SAUCONY RIDE ISO 2 - SHOE REVIEW
by BRIAN METZLER | MAY, 2018
TABLE OF CONTENTS
- What New: Saucony Ride ISO 2?
- Who's it Best For?
- Pros and Cons
- Shop Saucony Ride ISO 2
- About the Author
For runners who crave reliable comfort, the Saucony Ride ISO has always paved the way to smooth miles by delivering the best balance of feel-good cushioning and a highly-adaptable fit.
The Saucony Ride ISO 2 is a dependable shoe when it comes to cushioning - not too much, not too little; just right. The cushioning comes from a combo of PWRFOAM with an EVERUN topsole that’s responsive enough to tackle high mileage.
The Ride ISO is unrivaled to accommodate a wide range of foot shapes and with a double layer jacquard mesh upper it enhanced breathability for 2019 makes it a winner.
Guest JackRabbit reviewer, Brian Metzler took the new Saucony Ride ISO 2 out for some test runs and gives the low-down on this dependable style.
The popular, smooth-running Saucony Ride ISO returns with improved upper technologies that ensure an adapting fit for the specific shape and movement of a runner’s feet.
The soft and stable midsole cushioning package on the running shoe returns unchanged, allowing the Ride ISO 2 to serve up the same reliable combination of softness and responsiveness with a touch of stability.
WHAT'S NEW WITH THE SAUCONY RIDE ISO 2
The updated ISOFIT closure system does a better job of integrating with the lacing system and locking down the foot at the saddle, while the new FORMFit technology —a contoured three-layer midsole system that morphs to the shape and
movement of a runner’s foot—to create a near-custom fit right out of the box.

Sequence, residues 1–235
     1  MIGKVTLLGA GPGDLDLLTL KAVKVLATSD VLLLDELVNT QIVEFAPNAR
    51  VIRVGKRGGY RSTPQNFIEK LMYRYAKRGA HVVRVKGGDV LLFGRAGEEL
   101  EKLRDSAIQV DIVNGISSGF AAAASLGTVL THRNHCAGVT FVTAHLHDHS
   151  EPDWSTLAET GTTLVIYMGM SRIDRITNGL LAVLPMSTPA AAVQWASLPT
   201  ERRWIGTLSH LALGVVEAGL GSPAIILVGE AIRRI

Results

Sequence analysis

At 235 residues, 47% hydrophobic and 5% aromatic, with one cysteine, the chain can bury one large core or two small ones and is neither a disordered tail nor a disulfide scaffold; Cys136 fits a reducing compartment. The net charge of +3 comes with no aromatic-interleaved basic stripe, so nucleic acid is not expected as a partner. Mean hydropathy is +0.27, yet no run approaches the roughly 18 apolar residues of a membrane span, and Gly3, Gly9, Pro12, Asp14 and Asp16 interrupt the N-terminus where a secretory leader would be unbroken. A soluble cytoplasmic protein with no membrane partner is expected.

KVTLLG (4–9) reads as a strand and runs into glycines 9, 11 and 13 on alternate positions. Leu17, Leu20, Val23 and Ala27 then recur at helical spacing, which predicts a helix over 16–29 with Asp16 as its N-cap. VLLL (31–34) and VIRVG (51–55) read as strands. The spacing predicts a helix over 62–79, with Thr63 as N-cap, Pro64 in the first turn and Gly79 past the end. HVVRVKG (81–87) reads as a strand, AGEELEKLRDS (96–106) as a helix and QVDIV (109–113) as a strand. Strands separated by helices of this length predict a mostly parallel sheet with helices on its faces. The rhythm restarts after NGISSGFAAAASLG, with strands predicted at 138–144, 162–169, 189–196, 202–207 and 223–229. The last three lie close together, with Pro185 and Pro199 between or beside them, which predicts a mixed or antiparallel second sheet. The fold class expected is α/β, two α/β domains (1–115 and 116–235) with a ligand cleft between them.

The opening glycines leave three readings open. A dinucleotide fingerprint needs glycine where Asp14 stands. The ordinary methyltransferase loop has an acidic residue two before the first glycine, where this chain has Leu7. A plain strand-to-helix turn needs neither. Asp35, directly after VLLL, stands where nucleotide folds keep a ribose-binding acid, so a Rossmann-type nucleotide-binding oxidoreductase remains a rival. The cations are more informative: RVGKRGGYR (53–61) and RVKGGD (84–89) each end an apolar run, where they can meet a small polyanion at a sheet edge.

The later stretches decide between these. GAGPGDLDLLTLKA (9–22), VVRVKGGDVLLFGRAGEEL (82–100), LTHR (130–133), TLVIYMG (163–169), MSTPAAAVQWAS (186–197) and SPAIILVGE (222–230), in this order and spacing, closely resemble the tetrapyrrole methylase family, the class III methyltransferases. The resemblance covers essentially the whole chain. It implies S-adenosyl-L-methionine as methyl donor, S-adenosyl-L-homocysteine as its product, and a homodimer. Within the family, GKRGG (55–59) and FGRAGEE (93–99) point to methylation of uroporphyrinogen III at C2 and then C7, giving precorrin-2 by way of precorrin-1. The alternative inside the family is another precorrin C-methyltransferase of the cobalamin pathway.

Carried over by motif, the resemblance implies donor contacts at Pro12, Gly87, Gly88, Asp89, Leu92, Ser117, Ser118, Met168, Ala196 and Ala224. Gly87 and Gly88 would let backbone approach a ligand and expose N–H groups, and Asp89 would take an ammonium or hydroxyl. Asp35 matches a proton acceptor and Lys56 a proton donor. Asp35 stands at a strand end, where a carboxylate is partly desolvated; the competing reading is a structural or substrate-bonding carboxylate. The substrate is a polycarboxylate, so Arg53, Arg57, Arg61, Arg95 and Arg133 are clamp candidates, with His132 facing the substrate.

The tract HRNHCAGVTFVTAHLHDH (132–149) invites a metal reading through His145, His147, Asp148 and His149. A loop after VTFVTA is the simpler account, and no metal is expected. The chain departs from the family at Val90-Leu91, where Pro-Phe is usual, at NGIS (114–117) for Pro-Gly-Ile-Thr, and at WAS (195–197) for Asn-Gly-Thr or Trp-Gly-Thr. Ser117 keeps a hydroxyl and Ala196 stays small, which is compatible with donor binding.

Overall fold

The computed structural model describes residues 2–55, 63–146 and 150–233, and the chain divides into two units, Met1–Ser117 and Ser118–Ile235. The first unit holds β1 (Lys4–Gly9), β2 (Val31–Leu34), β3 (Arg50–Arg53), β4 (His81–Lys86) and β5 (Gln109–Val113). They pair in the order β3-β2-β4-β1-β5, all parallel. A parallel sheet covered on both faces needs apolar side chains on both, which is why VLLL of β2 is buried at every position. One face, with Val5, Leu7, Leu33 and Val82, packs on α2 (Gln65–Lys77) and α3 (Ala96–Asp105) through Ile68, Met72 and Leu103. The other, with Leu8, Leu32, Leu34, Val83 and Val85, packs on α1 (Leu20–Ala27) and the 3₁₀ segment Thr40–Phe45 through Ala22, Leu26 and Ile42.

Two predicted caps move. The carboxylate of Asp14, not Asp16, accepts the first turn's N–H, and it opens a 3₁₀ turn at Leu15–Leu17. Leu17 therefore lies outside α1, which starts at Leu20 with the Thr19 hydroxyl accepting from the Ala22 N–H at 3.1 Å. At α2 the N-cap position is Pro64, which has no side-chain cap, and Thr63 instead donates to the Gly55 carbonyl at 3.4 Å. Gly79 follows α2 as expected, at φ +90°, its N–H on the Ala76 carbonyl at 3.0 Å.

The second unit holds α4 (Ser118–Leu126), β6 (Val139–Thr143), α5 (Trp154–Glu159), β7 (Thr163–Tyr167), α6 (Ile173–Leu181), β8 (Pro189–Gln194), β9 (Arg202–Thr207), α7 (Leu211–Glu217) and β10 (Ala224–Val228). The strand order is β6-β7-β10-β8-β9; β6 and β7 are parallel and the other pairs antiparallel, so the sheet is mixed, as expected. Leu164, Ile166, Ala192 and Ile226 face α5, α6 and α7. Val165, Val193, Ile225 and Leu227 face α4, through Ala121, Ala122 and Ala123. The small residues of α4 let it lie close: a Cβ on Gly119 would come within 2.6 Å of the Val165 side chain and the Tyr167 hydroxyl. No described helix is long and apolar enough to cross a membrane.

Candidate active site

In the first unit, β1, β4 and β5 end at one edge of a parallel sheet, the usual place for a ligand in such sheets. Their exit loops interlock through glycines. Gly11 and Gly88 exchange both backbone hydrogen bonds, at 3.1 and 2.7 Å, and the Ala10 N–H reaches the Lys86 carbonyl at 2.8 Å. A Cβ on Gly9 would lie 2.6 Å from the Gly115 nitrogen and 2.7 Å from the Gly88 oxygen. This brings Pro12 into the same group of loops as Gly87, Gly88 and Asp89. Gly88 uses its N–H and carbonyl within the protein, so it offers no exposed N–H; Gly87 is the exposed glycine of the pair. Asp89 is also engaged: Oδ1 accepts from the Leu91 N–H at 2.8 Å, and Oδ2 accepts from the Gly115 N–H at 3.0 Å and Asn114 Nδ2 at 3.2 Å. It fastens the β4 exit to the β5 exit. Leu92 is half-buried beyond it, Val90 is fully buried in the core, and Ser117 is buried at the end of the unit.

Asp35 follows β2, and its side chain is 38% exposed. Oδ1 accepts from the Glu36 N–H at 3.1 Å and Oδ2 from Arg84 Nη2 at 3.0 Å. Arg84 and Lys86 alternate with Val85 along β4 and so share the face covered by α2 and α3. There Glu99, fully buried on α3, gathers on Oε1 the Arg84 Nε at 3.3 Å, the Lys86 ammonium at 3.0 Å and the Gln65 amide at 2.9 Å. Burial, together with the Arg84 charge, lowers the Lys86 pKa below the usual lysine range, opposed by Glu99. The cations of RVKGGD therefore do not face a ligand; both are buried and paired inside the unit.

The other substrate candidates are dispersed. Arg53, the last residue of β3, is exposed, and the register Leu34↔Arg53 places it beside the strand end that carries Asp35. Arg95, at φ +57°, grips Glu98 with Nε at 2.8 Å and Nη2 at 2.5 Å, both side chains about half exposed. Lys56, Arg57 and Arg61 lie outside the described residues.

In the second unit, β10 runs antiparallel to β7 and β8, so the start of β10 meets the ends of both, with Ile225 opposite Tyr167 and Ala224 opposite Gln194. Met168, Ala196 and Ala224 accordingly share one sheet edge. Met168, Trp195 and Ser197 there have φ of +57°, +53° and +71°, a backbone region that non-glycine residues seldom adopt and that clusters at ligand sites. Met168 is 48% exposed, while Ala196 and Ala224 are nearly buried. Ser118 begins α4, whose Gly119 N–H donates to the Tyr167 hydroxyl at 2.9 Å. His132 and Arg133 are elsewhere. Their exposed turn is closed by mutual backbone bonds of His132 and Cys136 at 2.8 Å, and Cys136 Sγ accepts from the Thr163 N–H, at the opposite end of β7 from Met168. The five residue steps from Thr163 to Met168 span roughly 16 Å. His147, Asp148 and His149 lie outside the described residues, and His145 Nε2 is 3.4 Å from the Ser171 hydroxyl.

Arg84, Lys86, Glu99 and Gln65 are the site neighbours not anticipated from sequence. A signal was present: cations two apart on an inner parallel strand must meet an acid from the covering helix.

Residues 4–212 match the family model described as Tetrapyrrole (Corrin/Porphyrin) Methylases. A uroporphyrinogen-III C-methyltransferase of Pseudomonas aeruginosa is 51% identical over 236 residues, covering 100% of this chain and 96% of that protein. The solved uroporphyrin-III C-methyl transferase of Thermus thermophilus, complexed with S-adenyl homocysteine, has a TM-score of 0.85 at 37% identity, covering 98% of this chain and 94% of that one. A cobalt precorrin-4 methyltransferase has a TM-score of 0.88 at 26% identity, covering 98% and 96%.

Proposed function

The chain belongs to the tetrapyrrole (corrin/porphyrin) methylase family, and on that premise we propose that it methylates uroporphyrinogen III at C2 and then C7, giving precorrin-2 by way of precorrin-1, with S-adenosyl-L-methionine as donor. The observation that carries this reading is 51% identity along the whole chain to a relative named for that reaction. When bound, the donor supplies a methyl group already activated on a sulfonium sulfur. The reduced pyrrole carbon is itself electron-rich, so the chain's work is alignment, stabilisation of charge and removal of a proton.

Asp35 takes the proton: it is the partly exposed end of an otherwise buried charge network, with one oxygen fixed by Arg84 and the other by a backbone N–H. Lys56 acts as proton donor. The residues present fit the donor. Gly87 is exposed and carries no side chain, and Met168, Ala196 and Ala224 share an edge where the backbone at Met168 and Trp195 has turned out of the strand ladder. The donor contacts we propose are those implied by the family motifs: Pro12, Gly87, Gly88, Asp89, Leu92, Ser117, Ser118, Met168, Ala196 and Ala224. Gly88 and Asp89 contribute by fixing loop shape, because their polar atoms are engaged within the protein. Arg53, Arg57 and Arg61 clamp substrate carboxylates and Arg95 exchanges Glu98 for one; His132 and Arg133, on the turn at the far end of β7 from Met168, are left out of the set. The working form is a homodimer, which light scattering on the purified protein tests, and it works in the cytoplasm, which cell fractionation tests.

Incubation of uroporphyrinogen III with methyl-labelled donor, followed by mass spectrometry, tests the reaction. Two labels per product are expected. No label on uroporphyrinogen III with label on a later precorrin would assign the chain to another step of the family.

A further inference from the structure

The new Ride ISO now has crystal rubber in the forefoot for extra durability and responsiveness. Add to that an upgraded engineered double jacquard mesh for more comfort, and an improved heel grab and lockdown.
The subtle updates have really dialed-in the fit of the Ride ISO 2. It’s comfortably snug with no slippage, but it also feels like there is a touch of room in the toe box thanks to the double-jacquard mesh in the forefoot.
The tri-layer footbed/midsole system—a top layer that conforms and changes with the foot, a middle layer of responsive Saucony EVERUN foam that adapts to pressure points and a contoured midsole—creates a plush and stable cradle underfoot without eliminating the proprioceptive feel for the ground.
With the enhanced fit and feel, the ride feels especially smooth, soft and energetic. It’s not bouncy or marshmallowly but somewhere in between. The Saucony Ride ISO 2 is a great running shoe for those looking for the middle of the road feel.
WHO'S IT BEST FOR?
The Saucony Ride ISO 2 suits runners with a neutral-oriented gait training races from 5K to the marathon will love this shoe.
It offers plenty of cushioning for long runs and a touch of energy return for faster workouts.It’s also a great match for runners who have a slightly supinated (or outward rolling) stride.
PROS AND CONS OF THE SAUCONY RIDE ISO 2
Pros:Saucony Ride ISO 2
Runners with wider feet rejoice! The Ride ISO 2 is available in two widths—B and D for women and D and 2E for men.
The Tri-Flex groves under the forefoot help disperse force over a greater surface area while also delivering optimal flexibility and traction.
The updated ride is a great high-mileage trainer, but it’s also versatile and light enough to run fartlek workouts, tempo runs and mile repeats.
The 8mm heel-toe offset is a good mid-range slope, one that could be ideal for runners transitioning out of shoes with a higher offset.
Cons: Saucony Ride ISO 2
The Ride ISO 2 is the same weight as previous version, but it’s still not among the lightest neutral high-mileage trainers on the market.
It’s definitely not heavy, but smaller runners or those who prefer lightweight performance trainers might find it a tad cumbersome.
SAUCONY RIDE ISO 2 SPECS
ABOUT THE AUTHOR: BRIAN METZLER
Brian Metzler has run races at every distance from 50 meters to 100 miles, wear-tested more than 1,500 pairs of shoes, is a three-time Ironman finisher and occasionally participates in the quirky sport of pack burro racing in Colorado.
He's the founding editor of Trail Runner magazine, is a former senior editor at Running Times and editor in chief at Competitor Magazine. He's the author of "Running Colorado's Front Range" and the co-author of "Natural Running: The Simple Path to Stronger Healthier Running" and "Run Like a Champion: An Olympian's Approach for Every Runner."